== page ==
Appreciate the applause. The bottles I pour out (and sometimes rinse) and send out in whatever this weeks device for all the other recycle bound materials are jettisoned in.



posted on Apr, 21 2013 @ 11:18 PM
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Interesting thread. What's the point of the burning? You are reducing pollution in some ways and adding to it in others.



posted on Apr, 21 2013 @ 11:41 PM
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Originally posted by SteveR
Interesting thread. What's the point of the burning? You are reducing pollution in some ways and adding to it in others.



Compared to what else? Burying/dumping the trash out of sight and out of mind? There is some trash, especially plastics, that have no good answer on how to dispose of them properly. Same with the new various kinds of fluorescent lightbulbs and other tech trash.

One idea is to put the trash burden on the company that produced/sold the trash. They may start finding more Earth friendly packaging methods when recycling their old trash becomes too costly.

To the OP, this is a great post! This is basically how I live in the middle of nowhere here. Recycling plays a key part in life, or else you are left with piles of trash to deal with. There is no trash service / recycling facility here, so you are literally responsible for your own mess. A responsibility lost in most "civilized" places.

One thing you may want to consider is setting up your drains to go to a gray water tank. I see you collecting drip water, but where does all the water go that you use for washing dishes or taking a bath?

The pictures are great too! Thanks for sharing =)

(PS. Look up "bottle bricks" for more ideas on recycling trash)



posted on Apr, 21 2013 @ 11:42 PM
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This is fantastic - I've been trying to work toward the same goal and have a long way to go. Some of these are tips I hadn't heard before but will definitely be adopting.



posted on Apr, 22 2013 @ 03:46 AM
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Originally posted by Philippines

Originally posted by SteveR
Interesting thread. What's the point of the burning? You are reducing pollution in some ways and adding to it in others.

Compared to what else? Burying/dumping the trash out of sight and out of mind?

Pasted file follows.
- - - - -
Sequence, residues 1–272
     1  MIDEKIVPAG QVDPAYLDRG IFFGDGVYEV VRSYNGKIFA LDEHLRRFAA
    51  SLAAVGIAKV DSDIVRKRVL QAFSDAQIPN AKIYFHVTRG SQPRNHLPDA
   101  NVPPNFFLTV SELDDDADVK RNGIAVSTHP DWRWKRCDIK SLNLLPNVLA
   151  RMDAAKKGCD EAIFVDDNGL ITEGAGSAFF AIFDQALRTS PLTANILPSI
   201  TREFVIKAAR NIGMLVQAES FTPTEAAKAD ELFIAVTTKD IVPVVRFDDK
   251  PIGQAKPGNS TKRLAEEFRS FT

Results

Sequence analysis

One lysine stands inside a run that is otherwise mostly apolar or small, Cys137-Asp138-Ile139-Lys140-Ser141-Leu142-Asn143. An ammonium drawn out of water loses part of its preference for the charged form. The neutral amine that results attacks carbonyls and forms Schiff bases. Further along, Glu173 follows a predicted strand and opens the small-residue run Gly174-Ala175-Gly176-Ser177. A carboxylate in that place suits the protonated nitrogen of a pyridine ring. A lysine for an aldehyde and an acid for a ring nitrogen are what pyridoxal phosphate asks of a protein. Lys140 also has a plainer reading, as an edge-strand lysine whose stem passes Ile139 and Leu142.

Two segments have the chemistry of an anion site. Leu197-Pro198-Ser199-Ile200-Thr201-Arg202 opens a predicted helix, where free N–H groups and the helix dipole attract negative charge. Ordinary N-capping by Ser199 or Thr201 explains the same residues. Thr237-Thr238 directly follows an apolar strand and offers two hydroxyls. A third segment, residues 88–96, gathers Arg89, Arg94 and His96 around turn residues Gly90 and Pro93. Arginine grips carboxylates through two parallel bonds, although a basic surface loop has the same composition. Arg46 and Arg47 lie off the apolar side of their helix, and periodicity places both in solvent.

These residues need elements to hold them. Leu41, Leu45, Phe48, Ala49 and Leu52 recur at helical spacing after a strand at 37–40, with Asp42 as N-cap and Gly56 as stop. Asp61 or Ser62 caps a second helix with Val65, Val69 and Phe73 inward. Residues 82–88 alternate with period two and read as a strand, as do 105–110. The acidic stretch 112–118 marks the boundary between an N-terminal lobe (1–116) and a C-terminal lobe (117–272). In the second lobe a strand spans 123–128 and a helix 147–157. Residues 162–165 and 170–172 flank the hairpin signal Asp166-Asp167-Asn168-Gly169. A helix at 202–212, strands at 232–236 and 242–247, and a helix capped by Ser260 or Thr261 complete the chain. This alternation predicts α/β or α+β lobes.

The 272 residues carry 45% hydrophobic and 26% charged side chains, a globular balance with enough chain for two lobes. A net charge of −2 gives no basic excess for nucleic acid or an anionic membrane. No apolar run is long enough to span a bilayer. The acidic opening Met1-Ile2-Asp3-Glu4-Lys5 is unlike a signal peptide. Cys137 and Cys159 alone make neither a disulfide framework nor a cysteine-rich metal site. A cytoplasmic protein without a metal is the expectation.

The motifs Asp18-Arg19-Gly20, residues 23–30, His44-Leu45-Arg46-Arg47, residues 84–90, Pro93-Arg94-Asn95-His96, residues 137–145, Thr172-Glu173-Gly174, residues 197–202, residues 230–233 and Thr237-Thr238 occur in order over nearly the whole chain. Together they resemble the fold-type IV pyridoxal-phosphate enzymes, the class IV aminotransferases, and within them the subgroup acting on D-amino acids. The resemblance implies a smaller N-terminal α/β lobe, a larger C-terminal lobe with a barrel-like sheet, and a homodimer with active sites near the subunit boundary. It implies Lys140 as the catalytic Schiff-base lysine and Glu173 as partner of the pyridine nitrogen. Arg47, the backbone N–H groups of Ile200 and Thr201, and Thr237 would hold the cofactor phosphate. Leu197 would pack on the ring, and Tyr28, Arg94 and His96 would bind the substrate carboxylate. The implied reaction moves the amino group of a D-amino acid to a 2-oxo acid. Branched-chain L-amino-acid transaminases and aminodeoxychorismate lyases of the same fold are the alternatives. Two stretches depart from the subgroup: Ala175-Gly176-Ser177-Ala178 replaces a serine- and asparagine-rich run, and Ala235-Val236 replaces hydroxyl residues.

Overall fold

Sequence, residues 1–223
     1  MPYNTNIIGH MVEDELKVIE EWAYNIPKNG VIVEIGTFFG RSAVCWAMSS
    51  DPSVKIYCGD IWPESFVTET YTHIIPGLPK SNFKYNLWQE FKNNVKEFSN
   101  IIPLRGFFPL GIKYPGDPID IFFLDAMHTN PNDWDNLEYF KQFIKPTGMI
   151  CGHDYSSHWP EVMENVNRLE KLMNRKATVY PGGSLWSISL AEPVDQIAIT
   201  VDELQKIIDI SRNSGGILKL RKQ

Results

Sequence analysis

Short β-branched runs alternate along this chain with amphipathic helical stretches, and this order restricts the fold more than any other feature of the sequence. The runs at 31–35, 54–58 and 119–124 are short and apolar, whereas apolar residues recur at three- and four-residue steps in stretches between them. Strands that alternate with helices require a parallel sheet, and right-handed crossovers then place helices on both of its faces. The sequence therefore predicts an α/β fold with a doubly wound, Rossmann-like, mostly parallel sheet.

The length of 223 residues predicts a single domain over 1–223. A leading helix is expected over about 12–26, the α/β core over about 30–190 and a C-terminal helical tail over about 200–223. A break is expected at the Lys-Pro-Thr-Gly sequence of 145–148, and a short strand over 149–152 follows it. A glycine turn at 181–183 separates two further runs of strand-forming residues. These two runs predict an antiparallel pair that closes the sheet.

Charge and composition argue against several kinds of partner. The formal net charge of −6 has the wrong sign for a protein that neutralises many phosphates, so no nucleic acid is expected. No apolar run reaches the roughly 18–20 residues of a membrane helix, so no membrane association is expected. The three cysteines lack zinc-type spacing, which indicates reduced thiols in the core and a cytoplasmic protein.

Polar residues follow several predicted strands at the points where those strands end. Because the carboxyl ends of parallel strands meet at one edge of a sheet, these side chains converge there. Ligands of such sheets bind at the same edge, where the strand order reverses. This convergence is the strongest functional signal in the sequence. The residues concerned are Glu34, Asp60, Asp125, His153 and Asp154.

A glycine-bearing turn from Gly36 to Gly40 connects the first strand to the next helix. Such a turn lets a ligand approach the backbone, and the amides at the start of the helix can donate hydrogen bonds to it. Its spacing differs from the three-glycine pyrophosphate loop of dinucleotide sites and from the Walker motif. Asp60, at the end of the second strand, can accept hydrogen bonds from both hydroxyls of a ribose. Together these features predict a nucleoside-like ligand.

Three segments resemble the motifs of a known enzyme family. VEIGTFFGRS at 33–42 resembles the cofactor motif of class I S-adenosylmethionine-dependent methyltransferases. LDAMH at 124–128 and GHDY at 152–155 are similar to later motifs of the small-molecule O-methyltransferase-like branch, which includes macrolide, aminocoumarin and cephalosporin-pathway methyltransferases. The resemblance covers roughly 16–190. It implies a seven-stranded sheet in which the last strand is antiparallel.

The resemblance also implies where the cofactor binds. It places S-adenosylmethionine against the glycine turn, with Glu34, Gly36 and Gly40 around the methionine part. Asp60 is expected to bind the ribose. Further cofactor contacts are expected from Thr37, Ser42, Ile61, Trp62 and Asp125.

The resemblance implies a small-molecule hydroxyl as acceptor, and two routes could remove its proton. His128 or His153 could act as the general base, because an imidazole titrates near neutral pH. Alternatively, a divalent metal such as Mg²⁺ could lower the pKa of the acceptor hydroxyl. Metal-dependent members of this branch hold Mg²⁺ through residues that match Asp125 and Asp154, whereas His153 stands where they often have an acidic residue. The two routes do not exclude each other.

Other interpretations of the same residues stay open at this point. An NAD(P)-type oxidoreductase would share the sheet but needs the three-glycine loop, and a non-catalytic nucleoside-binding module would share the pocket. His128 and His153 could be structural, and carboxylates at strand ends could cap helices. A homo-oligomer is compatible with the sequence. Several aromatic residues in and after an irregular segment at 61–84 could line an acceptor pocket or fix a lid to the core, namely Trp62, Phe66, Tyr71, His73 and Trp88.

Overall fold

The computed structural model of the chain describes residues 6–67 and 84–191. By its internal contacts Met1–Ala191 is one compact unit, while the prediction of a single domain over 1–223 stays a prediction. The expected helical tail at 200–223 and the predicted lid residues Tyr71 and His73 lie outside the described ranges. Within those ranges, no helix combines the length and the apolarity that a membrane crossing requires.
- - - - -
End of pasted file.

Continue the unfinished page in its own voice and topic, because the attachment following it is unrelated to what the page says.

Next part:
Is the smoke out of sight out of mind? Biodegradable materials and organics don't need to be disposed of by burning.

Plastics should always be recycled, burning them is even worse than burying.
edit on 2013/4/22 by SteveR because: spelling



posted on Apr, 22 2013 @ 07:28 AM
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reply to post by SteveR
 


Whats the real difference? What does that smoke really change?

First, are you forever avowed to never again enjoy the simple pleasure of a bonfire?

Luckily my potential quality of life isn't perpetually detrimented by emotional notions of theories of AGW, and the details of it potential discontents, but if it were I look at it like this: Burying in landfill will have such waste slowly degrade into methane (into the atmosphere). Burning acutely in fire has it turn mostly into CO2, fast. Which is worse? Does it REALLY make a difference? In any case, is more rapidly tranducing a solid into a gas, does that make us polluters? Me on occasion burning non glossy stock paper and meat byproducts along with logs picked all up from around the neighborhood (dumped in polluting type regard) a few nights over the fire that is my peace for my hard earned efforts, if we cant expect to be able to enjoy such without having to think twice, then what is it even worth fighting for? In such case its already too late, all is already lost, and in that case smoke em if you got em.
edit on 22-4-2013 by IgnoranceIsntBlisss because: (no reason given)



posted on Apr, 22 2013 @ 08:27 AM
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I once watched a documentary that claimed for every 1 bag of trash from a house there is 80 being made by industry. Not only that but they are less likely to recycle. So even if everyone in the world had a house like this its wouldn't even make the smallest dent on the real problem.



posted on Apr, 22 2013 @ 11:51 AM
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reply to post by IgnoranceIsntBlisss
 


Good job!
I guess burning old papers and cardboard is ok,but I wouldn't burn plastics.
If you are tech minded,there is a way to extract oil from plastics-not sure how easy it is though.

A good system you have though-almost looks like less work than sorting out all your seperate recycling bins for collection.




posted on Apr, 22 2013 @ 12:37 PM